said power supply circuit switches a current which divides the current path circuit and a current from the solar cell device from one another, and supplies either of them.
8. The photovoltaic power generation device according to claim 4, wherein
said power supply circuit is provided with means for turning on and off a current flowing between the solar cell device and the power inverter, and means for applying a current supplied from the current path circuit to the power inverter.
9. The photovoltaic power generation device according to claim 8, wherein
said means for turning on and off a current is a thyristor.
10. The photovoltaic power generation device according to claim 8, wherein
said means for turning on and off a current is a self-hold relay.
Description
BACKGROUND OF THE INVENTION

1. Field of the Invention

This invention relates to a photovoltaic power generation device, more particularly relates to a photovoltaic power generation device for protecting a power inverter from an overvoltage.

2. Description of Prior Art

A solar cell device for generating photovoltaic power, which is located outside, has been paid attention as a promising way for solving the global environmental problems. A photovoltaic power generation system, in which a solar cell device arranged on a roof or the like generates power and covers the power consumed during the daytime, has been developed.

In this system, power outputted from the solar cell device is a direct current. Therefore, the power is inverted from the direct current outputted from the solar cell device into an alternate current by a power inverter before use.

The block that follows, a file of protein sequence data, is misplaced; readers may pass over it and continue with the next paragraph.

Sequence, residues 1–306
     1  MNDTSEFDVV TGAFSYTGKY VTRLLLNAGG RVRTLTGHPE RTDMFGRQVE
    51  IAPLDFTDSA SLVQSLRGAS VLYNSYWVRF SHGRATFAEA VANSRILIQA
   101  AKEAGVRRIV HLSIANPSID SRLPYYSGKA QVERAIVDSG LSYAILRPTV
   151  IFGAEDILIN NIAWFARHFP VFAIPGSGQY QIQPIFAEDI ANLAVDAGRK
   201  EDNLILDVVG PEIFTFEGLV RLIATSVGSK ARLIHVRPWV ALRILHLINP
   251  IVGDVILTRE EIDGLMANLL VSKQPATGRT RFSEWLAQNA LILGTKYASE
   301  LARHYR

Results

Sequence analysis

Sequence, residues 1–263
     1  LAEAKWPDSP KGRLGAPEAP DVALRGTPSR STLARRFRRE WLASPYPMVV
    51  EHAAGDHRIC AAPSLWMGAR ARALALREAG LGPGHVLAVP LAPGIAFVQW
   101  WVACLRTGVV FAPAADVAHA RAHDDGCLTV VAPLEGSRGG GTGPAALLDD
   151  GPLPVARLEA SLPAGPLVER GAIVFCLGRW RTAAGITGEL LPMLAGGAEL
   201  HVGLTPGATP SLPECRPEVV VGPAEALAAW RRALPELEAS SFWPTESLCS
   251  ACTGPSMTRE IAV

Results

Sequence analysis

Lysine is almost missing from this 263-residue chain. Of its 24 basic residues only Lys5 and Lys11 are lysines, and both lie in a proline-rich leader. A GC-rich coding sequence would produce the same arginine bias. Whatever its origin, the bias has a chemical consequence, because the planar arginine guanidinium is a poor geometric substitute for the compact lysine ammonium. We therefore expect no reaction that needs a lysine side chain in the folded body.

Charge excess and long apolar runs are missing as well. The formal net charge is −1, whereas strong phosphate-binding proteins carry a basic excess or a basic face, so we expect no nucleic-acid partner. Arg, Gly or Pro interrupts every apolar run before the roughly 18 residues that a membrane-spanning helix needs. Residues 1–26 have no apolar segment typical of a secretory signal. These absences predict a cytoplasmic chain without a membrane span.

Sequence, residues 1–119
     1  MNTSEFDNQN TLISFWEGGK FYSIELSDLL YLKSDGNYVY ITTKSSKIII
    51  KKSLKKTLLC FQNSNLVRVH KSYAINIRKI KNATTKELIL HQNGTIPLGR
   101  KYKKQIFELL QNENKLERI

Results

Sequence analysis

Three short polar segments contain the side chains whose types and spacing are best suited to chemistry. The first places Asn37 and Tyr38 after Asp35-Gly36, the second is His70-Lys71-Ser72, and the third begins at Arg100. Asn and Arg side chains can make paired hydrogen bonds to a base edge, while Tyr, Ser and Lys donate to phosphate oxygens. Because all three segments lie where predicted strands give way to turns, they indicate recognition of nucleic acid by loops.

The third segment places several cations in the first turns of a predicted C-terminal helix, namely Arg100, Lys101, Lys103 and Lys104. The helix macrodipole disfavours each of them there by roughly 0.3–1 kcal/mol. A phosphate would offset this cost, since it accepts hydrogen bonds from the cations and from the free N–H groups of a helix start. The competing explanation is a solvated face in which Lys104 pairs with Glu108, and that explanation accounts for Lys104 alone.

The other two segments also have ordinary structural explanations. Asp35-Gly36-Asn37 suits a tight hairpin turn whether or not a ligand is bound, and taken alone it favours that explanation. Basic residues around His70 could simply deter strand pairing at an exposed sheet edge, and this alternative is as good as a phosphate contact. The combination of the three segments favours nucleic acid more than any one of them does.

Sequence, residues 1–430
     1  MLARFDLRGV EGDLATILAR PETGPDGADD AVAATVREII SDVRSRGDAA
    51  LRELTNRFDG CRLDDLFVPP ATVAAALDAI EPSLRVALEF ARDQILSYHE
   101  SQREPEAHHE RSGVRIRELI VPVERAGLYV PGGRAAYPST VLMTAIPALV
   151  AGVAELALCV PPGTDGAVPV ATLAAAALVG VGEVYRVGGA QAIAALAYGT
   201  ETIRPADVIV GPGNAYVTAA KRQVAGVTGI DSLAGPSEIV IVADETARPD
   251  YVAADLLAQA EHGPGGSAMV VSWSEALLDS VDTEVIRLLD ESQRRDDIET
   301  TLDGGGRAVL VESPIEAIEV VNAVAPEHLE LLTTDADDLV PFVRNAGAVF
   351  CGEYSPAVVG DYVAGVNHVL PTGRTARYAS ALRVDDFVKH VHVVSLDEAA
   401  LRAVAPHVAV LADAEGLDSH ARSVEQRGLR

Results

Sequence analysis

The above power inverter does not start immediately after obtaining power generated in the solar cell device, but starts after checking output from the solar cell device for a predetermined time. It is because that noise may be generated in the output power when the power inverter starts under an unstable condition of power generation by the solar cell device such as at dawn of day.

As described above, since a conventional power inverter does not start until the power generated in the solar cell device is stabilized for a predetermined time, an open voltage increases. Particularly, in an early morning of winter, an open voltage becomes large. As a result, a power inverter with a larger withstand voltage than an operating voltage is required, and it causes an increase in cost and a deterioration in operation efficiency at a normal operating voltage.

SUMMARY OF THE INVENTION

The present invention was made to solve the above described problems by presenting an increase in an open voltage and an overvoltage applied to a power inverter. In addition, the present invention was made to increase an optimum operating voltage of a power inverter and provide a photovoltaic power generation device capable of improving operation efficiency.

A photovoltaic power generation device according to this invention comprises a solar cell device, a power inverter for inverting output from the solar cell device into AC power, a current path circuit connected in parallel between the solar cell device and the power inverter, and a current detection circuit for detecting a current which feeds back to the solar cell device. The current path circuit is cut off when the current detected by the current detection circuit reaches beyond a predetermined current value.